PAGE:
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Flu Confirmed in Nearly 1,300 in Onondaga County; Still Time for Prevention, Medical Experts Say

Onondaga County reports more than 1200 peple have confirmed flu cases so far this flu season.  That includes 270 cases the week ending January 28th. 

County Medical Director Dr. Quoc Nguyen relies on information provided by the State Health Department, which confirms cases.  He says the number of patients experiencing respiratory issues due to flu complications isn’t as high as in other parts of the state.

“I think our ERs have been busy but not overwhelmed.  The group that has been most affected by hospitalization has been the elderly folks.  The largest group is 65-and-older; the second largest group is 54-64.”

He explains that while most people contagious with the flu can stay at home, others may need to be triaged.

“(if) you have a difficult time breathing and you asthma or you are pregnant, or you are very young, less the 2 years of age, or you have a compromised state, like treatment for cancer, HIV/AIDS, certain people with severe symptoms should be seen and should be evaluated.”


Governor Cuomo recently issued an Executive Order to allow pharmacists to give flu shots to kids age 2 and up.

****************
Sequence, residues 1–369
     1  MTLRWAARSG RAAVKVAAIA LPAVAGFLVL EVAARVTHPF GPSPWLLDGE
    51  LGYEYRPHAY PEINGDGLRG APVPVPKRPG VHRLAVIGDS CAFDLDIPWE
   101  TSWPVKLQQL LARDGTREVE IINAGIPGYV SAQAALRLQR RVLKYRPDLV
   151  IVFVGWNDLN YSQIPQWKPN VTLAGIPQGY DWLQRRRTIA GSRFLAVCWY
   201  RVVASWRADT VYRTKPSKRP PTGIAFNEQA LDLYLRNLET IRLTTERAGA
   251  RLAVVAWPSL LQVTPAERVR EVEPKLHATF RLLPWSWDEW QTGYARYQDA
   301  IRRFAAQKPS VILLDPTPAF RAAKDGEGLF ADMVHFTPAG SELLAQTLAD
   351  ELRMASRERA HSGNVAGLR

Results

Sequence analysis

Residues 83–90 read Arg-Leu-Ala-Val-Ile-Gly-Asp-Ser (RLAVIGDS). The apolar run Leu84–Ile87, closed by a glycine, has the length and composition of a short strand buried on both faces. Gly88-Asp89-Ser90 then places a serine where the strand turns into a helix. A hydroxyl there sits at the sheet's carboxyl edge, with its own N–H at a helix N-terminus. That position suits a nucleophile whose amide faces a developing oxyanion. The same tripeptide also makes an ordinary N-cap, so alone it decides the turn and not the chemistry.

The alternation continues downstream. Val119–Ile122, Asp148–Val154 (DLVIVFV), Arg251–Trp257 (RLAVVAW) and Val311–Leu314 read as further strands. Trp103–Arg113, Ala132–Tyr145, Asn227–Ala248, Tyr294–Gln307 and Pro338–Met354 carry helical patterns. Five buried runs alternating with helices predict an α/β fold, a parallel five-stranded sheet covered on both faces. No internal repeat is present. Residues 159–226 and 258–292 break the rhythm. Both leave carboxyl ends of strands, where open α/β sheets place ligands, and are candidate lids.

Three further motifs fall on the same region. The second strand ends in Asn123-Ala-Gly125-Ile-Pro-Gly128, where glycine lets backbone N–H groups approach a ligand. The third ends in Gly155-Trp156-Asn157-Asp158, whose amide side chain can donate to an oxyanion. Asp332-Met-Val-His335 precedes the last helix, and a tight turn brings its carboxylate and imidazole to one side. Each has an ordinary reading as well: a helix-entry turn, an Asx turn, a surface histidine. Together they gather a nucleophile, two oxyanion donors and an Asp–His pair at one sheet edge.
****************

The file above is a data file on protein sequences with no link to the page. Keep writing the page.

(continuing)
“99% of kids get it in their arms; there are a few kids age 3 that might get it in the thigh muscle,”  says Shannon Miller, Kinney Drugs Manager of Pharmacy Services.

She says people are taking a preventative approach and because of that, pharmacists are busier giving flu shots this year.  She says families exposed to the flu can also get some treatment as prevention.

“You can get Tamiflu prophylactically so that you hopefully don’t get the flu, if you know that you’ve been exposed.  We do see that a lot in families.  If one child or one parent gets the flu, then the rest of the family gets prophylactic Tamiflu.” 

She says the H-3 N-2 strain of the flu is also making it a very busy flu season and all the more reason to get a flu shot.

Chris Bolt, Ed.D. has proudly been covering the Central New York community and mentoring students for more than 30 years. His career in public media started as a student volunteer, then as a reporter/producer. He has been the news director for WAER since 1995. Dedicated to keeping local news coverage alive, Chris also has a passion for education, having trained, mentored and provided a platform for growth to more than a thousand students. Career highlights include having work appear on NPR, CBS, ABC and other news networks, winning numerous local and state journalism awards.